Your Guide to Must-See Movies at the 2018 Phoenix Film Festival

Tully is one of several must-see movies at this year's Phoenix Film Festival.
Tully is one of several must-see movies at this year's Phoenix Film Festival. Focus Features

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Izzy Gets The F*ck Across Town
Written and Directed by Christian Papiernak
7:10 p.m. Wednesday, April 11

You’re not seeing things. Mackenzie Davis stars in two films on this list. This time, the Halt and Catch Fire actress plays a punk trekking across Los Angeles to break up the engagement of her ex-boyfriend by any means necessary. Along the way, she encounters an odd cast of characters that forces her to examine the choices she's made in her life.

In an interview with the blog Cinemacy, writer and director Papierniak compares this unconventional film to Swingers. “…We need more fun indie films instead of it always being something dramatic,” he says. With a soundtrack featuring music from Corin Tucker’s first band Heavens to Betsy and a cast that includes Haley Joel-Osment and comedian Rob Huebel, Izzy sounds like it is going to be a riot.

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Won't You Be My Neighbor examines the life of Fred Rogers
Courtesy of Focus Features
Won’t You Be My Neighbor?
Directed by Morgan Neville
7:30 p.m. Friday, April 13

Five decades ago, Fred Rogers put on a sweater and changed children’s television forever. Generations of American children turned on PBS and were greeted by the television host every morning. Through Mister Rogers' Neighborhood, they were whisked off to a place of make-believe where they learned real-world lessons.

Documentarian Morgan Neville traces the influence that Rogers has had in America since. If you're familiar with the filmmaker’s touching Oscar-winning documentary 20 Feet From Stardom, which explores the world of backup singers, then you know to bring plenty of Kleenex to this screening.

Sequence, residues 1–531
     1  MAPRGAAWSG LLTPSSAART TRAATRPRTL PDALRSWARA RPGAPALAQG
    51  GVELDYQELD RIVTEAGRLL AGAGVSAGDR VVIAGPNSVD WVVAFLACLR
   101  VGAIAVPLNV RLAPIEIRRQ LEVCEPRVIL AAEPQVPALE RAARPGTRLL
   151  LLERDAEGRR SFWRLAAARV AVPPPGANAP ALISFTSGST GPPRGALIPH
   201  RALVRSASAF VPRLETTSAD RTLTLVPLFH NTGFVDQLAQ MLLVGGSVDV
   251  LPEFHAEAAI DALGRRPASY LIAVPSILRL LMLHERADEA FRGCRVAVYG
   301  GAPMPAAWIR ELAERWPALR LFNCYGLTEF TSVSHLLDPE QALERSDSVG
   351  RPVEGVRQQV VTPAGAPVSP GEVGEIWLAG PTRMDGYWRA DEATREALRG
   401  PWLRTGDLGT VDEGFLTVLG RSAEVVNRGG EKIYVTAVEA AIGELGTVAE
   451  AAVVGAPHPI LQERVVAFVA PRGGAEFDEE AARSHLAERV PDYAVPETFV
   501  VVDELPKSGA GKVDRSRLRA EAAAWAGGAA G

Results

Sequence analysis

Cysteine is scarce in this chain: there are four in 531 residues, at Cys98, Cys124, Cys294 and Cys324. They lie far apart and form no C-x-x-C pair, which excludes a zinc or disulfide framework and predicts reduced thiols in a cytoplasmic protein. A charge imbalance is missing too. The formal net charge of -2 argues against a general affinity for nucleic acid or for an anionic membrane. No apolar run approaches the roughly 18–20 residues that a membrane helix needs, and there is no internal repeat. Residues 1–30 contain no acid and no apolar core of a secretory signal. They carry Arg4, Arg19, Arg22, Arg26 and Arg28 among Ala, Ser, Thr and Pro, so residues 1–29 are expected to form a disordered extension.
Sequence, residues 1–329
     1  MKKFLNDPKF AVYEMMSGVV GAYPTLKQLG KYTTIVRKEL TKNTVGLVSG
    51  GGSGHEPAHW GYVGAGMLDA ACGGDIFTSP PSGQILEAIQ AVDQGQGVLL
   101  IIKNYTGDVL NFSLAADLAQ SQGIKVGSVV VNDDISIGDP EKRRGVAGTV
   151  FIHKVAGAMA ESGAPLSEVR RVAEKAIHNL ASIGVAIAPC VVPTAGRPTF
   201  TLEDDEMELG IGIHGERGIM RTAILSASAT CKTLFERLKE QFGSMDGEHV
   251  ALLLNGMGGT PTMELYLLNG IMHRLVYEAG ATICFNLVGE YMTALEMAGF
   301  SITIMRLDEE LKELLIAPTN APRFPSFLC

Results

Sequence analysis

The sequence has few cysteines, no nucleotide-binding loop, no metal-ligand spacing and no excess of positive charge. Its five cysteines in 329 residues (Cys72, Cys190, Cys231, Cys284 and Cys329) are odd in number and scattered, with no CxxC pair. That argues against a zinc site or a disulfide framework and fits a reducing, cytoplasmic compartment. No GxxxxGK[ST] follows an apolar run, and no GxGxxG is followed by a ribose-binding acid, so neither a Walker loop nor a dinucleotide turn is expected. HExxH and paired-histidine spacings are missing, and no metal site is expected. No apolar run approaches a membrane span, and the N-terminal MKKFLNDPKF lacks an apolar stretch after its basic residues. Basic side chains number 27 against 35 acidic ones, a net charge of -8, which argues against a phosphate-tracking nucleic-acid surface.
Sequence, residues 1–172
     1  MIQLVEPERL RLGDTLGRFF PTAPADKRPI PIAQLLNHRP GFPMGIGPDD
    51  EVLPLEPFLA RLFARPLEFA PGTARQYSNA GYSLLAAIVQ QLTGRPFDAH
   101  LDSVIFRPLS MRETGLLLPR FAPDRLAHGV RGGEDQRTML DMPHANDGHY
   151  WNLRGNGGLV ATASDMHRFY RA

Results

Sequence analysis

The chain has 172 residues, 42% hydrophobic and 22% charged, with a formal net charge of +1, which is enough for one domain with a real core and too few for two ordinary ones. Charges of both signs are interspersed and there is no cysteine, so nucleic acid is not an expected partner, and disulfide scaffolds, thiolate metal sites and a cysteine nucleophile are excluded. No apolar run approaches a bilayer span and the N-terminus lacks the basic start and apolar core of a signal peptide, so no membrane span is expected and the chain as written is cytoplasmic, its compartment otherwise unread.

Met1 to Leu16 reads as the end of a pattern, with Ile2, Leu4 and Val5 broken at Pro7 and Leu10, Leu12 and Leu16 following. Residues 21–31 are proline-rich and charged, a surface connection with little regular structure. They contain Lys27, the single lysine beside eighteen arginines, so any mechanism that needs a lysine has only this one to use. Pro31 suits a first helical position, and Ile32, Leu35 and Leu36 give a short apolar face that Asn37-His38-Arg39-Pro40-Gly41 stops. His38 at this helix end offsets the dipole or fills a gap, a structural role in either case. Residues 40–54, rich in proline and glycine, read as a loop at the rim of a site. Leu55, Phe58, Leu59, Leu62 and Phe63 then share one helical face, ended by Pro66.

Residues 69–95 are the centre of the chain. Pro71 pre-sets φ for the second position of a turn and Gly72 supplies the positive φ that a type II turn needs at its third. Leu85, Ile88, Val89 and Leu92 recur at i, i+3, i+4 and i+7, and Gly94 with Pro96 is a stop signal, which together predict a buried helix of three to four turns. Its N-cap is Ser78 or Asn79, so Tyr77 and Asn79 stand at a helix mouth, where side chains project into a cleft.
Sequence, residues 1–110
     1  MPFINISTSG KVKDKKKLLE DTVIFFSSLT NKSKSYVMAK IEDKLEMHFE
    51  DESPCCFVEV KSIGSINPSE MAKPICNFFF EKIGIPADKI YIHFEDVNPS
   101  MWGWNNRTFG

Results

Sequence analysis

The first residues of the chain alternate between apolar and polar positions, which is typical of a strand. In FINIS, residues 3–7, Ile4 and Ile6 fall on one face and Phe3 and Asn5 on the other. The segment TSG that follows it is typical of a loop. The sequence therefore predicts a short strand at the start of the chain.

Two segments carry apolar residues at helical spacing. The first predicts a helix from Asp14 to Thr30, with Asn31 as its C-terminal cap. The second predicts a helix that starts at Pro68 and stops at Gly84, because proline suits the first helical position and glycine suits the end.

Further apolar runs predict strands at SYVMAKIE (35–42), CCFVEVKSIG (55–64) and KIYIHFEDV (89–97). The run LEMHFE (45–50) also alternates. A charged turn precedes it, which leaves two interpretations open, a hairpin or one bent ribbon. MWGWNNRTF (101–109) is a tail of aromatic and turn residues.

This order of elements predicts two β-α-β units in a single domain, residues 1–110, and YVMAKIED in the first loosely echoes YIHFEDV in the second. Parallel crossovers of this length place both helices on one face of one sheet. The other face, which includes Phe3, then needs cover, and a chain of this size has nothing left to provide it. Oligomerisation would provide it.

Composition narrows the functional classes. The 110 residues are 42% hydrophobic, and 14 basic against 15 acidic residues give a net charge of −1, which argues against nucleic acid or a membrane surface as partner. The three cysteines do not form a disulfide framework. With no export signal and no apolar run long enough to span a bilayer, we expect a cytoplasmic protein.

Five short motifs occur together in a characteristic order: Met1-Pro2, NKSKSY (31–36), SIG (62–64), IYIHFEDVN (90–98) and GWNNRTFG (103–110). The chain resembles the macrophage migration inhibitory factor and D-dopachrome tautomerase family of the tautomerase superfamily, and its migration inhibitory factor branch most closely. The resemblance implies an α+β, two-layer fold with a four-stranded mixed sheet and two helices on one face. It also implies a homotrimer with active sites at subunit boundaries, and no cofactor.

Final Portrait
Written and Directed by Stanley Tucci
7:30 p.m. Saturday, April 14

Fresh off his acclaimed performance in Call Me By Your Name, Armie Hammer plays writer James Lord. While visiting the artist Alberto Giacometti, played by Geoffrey Rush, Lord is asked to sit for a portrait painted by the world-famous artist and finds himself bearing witness to the highs and lows of creativity.

Reliable character actor Stanley Tucci has not directed a film in almost a decade. And Final Portrait, which takes a snapshot of Giacometti’s extraordinary life instead of following him from womb to tomb, is his biggest swing for the artistic fences. With Rush in front of the lens, Tucci hits it out of the ballpark. The Australian actor is channeling the twisted genius that made him such a draw in Shine over 20 years ago.

Measure of a Man
Written by David Scearce, Based on One Fat Summer by Robert Lipsyte
Directed by Jim Loach
4:30 p.m. Sunday, April 15

Measure of a Man follows the overweight Bobby Marks on his search for confidence. Which isn't the easiest task when you're constantly being bullied for your size and your parents’ marriage is failing. Luckily, Bobby befriends Wall Street executive Dr. Kahn, played by Donald Sutherland. While mowing the octogenarian's huge lawn, Bobby gets the wisdom needs to navigate this difficult time in his life.

While the film has not made the festival rounds yet, Carney gave it a shoutout on his Twitter feed. The film also features a stacked cast. In addition to Judy Greer and Sutherland, Luke Wilson and The Maze Runner’s Blake Cooper also star.

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Elsie Fisher in Bo Burnham's Eighth Grade.
Courtesy of A24
Eighth Grade
Written and Directed by Bo Burham
7 p.m. Sunday, April 15

Middle school sucks. Comedian Bo Burnham encapsulates all the pock-marked pubescent frustration that comes with being a 13-year-old in Eighth Grade.

The trailer, which had a well-timed release after the film was screened to critical acclaim at SXSW, encapsulates the roller-coaster of emotion one feels watching one of Burnham’s comedy specials. You start laughing at how ironic it is, as evidenced by star Elsie Fisher making YouTube videos as the music of Enya plays in the background. Then comes the realization that it's leading to something beautiful and profound.

Burnham's directorial debut could pull him into the mainstream. And fans should note that he'll be in attendance when the film is screened on the festival's closing night.

The Phoenix Film Festival is scheduled from Thursday, April 5, to Sunday, April 15, at Harkins Scottsdale 101, 7000 East Mayo Boulevard. There are a variety of ticket packages available, with individual screenings starting at $15. For more information, including a full screening schedule, visit the festival's website.
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Jason Keil was the Phoenix New Times culture editor from August 2019 to May 2020.
Contact: Jason Keil